46:53 – Kirk somehow talks Landru’s computer into destroying itself. The machine ran for 6,000 years with at most minor repairs, but then overheats when Kirk challenges its conception of how to create a peaceful, perfect society. Wow! Seeya, Landru!
48:30 -Back on the bridge:
Spock: “Landru, Captain. A marvelous feat of engineering. A computer capable of directing the lives of millions of human beings.”
Kirk: “But only a machine, Mr. Spock. The original Landru programmed it with all his knowledge, but he couldn’t give it his wisdom, his compassion, his understanding, his soul, Mr. Spock.”
Spock: “Predictably, metaphysical. I prefer the concrete, the graphable, the provable.”
Kirk: [Smiling] “You’d make a splendid computer, Mr. Spock.”
Spock: [With sincerity] “That is very kind of you, Captain.”
Haha, it’s cute that Spock takes it as a complement to be called a computer. I am certain that he would make a superior computer to Landru.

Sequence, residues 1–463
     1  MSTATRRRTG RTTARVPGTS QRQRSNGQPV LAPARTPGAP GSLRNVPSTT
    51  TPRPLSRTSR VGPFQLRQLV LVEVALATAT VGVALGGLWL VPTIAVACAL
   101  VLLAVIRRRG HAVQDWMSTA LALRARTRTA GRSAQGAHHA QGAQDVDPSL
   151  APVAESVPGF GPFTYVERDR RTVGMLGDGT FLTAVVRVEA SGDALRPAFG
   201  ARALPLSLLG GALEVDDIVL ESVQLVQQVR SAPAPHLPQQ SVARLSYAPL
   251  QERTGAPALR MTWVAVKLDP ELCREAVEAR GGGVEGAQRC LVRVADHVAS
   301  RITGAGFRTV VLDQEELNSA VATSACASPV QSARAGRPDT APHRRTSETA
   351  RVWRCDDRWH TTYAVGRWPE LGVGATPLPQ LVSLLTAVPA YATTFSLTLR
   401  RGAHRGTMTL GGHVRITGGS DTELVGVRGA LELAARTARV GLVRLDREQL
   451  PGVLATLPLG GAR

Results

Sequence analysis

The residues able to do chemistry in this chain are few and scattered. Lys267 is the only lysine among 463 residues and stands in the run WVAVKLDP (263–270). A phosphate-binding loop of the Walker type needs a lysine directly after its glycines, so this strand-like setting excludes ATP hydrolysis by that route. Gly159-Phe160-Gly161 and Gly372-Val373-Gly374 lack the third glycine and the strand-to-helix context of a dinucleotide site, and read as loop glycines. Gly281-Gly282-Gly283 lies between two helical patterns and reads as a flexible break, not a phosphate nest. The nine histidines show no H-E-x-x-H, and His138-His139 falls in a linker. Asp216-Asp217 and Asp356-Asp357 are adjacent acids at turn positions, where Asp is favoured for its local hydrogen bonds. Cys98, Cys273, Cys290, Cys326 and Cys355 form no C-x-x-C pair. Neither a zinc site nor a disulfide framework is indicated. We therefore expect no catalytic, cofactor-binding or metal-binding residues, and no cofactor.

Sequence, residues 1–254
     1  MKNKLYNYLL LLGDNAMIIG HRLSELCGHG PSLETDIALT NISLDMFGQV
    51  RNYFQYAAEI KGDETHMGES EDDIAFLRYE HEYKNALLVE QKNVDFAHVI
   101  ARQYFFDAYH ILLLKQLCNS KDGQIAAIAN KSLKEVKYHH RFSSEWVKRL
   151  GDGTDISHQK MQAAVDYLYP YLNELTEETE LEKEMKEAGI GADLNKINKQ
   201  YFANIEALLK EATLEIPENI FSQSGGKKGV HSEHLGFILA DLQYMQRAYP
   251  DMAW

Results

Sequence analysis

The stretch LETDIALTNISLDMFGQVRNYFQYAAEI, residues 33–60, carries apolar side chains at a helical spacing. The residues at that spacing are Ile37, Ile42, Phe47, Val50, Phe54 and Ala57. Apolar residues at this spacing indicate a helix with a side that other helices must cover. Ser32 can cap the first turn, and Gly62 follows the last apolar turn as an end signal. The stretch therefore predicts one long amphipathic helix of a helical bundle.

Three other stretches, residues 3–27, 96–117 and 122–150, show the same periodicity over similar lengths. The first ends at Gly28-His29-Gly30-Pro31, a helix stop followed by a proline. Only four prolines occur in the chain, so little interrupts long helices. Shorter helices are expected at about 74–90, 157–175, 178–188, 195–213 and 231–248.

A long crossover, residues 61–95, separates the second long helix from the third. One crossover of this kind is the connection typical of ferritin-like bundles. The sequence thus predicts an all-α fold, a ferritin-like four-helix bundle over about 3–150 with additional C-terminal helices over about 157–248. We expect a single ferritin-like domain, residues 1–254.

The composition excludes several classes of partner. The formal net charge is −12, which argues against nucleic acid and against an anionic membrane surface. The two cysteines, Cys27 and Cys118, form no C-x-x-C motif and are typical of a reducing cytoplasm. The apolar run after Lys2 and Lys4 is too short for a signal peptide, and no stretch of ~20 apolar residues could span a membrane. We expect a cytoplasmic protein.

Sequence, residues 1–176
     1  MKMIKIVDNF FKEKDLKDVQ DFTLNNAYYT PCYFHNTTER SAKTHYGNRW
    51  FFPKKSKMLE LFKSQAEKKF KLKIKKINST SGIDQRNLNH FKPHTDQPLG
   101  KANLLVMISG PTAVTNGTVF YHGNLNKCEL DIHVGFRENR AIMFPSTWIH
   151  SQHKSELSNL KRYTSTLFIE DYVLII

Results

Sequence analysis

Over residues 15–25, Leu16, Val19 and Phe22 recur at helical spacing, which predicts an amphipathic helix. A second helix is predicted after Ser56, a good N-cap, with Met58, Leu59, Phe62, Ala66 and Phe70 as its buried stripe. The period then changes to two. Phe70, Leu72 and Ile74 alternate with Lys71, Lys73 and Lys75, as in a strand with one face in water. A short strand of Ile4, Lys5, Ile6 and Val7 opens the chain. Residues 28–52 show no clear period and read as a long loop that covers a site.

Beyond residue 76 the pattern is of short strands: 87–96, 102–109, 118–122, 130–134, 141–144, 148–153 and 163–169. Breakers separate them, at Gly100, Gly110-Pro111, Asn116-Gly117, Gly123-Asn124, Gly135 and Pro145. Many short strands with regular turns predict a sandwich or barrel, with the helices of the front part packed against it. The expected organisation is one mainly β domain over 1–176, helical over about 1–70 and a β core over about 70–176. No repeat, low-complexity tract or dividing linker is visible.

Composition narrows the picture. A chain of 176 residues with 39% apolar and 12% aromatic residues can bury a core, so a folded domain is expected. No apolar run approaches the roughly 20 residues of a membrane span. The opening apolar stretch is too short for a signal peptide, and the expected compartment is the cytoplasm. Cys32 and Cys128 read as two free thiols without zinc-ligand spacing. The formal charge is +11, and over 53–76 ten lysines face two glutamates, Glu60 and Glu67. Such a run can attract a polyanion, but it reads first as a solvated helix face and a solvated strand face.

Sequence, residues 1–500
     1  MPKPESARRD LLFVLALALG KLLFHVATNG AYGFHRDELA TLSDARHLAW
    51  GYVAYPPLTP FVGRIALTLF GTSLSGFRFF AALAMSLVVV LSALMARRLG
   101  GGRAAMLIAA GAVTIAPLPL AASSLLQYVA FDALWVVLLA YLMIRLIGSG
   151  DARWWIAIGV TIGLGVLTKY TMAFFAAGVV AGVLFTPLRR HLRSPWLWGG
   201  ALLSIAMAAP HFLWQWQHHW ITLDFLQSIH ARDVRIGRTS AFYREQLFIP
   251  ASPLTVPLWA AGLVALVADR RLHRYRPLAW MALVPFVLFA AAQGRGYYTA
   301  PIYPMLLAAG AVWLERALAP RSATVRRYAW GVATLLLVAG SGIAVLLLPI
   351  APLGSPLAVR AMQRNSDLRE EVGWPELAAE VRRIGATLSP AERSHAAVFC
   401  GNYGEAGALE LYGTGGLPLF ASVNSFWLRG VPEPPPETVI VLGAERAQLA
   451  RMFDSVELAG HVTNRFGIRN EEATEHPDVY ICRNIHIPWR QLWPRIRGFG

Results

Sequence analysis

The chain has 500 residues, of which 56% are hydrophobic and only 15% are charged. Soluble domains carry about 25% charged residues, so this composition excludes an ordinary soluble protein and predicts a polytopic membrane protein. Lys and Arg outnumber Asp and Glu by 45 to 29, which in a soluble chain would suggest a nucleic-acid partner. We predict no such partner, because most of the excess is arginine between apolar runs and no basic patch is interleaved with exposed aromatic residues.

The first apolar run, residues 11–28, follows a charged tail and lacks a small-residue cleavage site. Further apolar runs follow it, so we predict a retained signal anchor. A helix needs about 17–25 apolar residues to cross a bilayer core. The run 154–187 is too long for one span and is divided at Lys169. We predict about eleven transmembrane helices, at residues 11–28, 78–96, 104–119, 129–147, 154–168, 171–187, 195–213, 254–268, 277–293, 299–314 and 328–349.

This is a strange, annoying, and repetitive episode, one of my least favorite of the season. It’s made a bit more worthwhile by seeing Kirk and Spock in some adorable suits. The name “Landru” must be spoken 65 times, with “peace” and “tranquility” not far behind. I still have no idea who/what the Archons are, and I’m really not sure what the purpose/meaning of the 6pm-6am festival was. Despite its flaws, this episode is important in that it contains the first reference to the Prime Directive.
Premise: Kirk and his team beam down to a colony called Cestus III and are alarmed to find it’s been destroyed. The Enterprise attempts to chase down and destroy the alien ship that attacked the colony, but both ships are abruptly disabled when they enter the territory of an alien race called the Metrons. The Metrons pit Captain Kirk in a fight-to-the-death with the captain of the other ship, with the rule that the winner’s ship will be set free and the loser’s ship will be destroyed.